Do you guys know what a password manager is?                     


PASSWORD MANAGERS ARE the vegetables of the internet. Even though we know they're good for us, most of us are happier snacking on the password equivalent of junk food. For the past seven years, the most commonly used passwords on the web have been '123456' and 'password.'. But most of us don't know what a good password looks like and aren't able to remember hundreds of them anyway.


In addition to offering convenience, a password manager can help you create better passwords, reducing your vulnerability to password-based attacks. For more ideas on upgrading your security, please take a look at our guide to VPN providers as well as our guide to backing up your data so you don't lose any data in the event of an emergency.


Why not just use our browser?  ๐Ÿ’ป


Security experts recommend using a dedicated password manager because they focus on security. The web browsers don't have much time to improve their password managers due to other priorities. Dedicated password managers have a singular goal and have been adding helpful features for years. Even free password managers don't help you create strong passwords, leaving you with '123456.' Ideally, this increases security.


Apple's macOS password manager, ๐ŸŽ


The app syncs with iCloud and has some nice integrations with Apple's Safari browser. Apple's system is exemplary. Keychain Access works great on Macs. I've used it in the past. Unlike dedicated services, it encrypts your passwords and syncs them across Apple devices. Since Apple does not make apps for other platforms, you won't be able to sync your passwords to any non-Apple devices.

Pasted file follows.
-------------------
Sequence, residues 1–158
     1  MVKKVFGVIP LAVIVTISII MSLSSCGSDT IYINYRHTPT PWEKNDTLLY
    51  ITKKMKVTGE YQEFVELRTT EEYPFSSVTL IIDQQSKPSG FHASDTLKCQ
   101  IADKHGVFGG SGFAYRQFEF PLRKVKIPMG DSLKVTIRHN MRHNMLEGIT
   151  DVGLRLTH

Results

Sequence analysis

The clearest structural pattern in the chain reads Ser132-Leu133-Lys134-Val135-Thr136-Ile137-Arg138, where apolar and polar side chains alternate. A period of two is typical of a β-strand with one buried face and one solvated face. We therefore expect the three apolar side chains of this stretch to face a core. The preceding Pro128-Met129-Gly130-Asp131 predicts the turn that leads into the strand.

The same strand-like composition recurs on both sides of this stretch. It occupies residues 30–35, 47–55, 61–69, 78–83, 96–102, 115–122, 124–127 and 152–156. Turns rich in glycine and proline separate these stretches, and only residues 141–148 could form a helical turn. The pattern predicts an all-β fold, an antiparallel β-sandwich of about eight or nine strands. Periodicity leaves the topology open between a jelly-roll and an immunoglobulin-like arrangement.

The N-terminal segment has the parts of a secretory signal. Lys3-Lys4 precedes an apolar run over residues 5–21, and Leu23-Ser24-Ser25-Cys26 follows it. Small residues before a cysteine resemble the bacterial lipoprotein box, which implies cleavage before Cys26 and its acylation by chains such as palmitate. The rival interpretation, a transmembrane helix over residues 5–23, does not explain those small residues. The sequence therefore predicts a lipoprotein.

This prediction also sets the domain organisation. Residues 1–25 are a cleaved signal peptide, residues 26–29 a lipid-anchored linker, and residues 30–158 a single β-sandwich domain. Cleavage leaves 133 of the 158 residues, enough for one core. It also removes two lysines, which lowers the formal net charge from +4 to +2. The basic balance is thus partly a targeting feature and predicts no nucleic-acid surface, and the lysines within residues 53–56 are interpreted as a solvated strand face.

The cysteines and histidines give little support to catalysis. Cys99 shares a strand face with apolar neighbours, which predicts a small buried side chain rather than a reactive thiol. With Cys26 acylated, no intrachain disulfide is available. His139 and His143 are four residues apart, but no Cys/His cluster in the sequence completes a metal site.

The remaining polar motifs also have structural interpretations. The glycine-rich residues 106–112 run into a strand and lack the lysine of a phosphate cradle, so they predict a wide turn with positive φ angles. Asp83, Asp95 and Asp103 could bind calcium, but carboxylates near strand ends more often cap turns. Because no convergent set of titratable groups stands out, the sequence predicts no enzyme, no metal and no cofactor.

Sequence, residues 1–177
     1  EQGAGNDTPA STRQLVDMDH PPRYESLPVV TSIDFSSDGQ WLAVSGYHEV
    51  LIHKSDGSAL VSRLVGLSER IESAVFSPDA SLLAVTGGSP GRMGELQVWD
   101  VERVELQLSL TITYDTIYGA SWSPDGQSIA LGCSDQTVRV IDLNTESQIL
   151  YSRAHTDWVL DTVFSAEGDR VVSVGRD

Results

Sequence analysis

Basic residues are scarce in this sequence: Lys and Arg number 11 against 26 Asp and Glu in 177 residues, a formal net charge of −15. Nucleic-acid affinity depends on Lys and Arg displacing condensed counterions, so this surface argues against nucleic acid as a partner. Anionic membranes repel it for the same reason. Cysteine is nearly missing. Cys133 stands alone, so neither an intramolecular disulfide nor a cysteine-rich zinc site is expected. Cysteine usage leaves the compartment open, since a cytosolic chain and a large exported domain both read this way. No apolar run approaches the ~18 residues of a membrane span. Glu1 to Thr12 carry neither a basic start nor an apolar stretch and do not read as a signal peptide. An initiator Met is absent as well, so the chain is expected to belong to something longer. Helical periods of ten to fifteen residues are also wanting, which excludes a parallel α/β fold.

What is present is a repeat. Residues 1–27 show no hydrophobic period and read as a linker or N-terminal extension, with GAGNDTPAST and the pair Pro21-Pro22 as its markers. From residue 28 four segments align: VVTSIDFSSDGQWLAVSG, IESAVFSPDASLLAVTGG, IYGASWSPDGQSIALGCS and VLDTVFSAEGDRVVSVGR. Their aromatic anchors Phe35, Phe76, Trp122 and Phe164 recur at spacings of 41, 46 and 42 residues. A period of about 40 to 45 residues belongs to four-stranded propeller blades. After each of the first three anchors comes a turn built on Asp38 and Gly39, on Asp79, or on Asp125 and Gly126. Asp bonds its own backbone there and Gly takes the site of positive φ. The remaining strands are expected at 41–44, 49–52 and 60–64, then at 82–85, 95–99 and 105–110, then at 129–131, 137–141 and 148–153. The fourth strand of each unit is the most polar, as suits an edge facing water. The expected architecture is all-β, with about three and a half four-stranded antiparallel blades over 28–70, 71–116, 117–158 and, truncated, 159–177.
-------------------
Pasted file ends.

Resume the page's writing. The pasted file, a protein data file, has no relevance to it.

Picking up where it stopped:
How do we test? ๐Ÿงช


The best and most secure cryptographic algorithms can all be found in open-source programming libraries. It's good that any application can incorporate these ciphers and keep your data safe. However, encryption is only as strong as its weakest link, and cryptography by itself will not keep your passwords secure.


Which is the best overall? ๐Ÿ™Œ


With 1Password, you can use apps on Apple iOS, Android, Windows, and Chrome OS. There's even a command-line tool for use anywhere, and the company recently introduced a Linux client in beta. Plugins are available for most web browsers, so you can create new passwords and edit them on the fly. Furthermore, 1Password can operate as an authentication app like Google Authenticator, and for added security, it makes a secret key for the encryption key it uses so that no one will be able to decrypt your passwords without it.


Can I get it for free? ๐Ÿ†“


Bitwarden is secure, open-source, and free to use. It is easy-to-use and polished, making it the best choice for those who don't need 1Password's extra features.

Bitwarden's semi-automated password filler. When you visit a site that you've saved credentials for, Bitwarden's browser icon shows the number of saved credentials for that site. You will be asked which account you want to use, and then the login form will be automatically filled in. As a result, it's easy to switch between usernames, and autofill avoids the problems we mention at the bottom of this guide. Bitwarden can also handle fully automated form-filling.


What is the best full-featured password manager platform?  ๐ŸŒ


Site Breach Alerts is one of the best, and other services have since added it as well. Dashlane continuously monitors the web, looking for leaks or stolen data, and alerts you if your information has been compromised. This is something you should be aware of. (Dashlane offers a 30-day free trial, so you can try out the service before making a purchase.)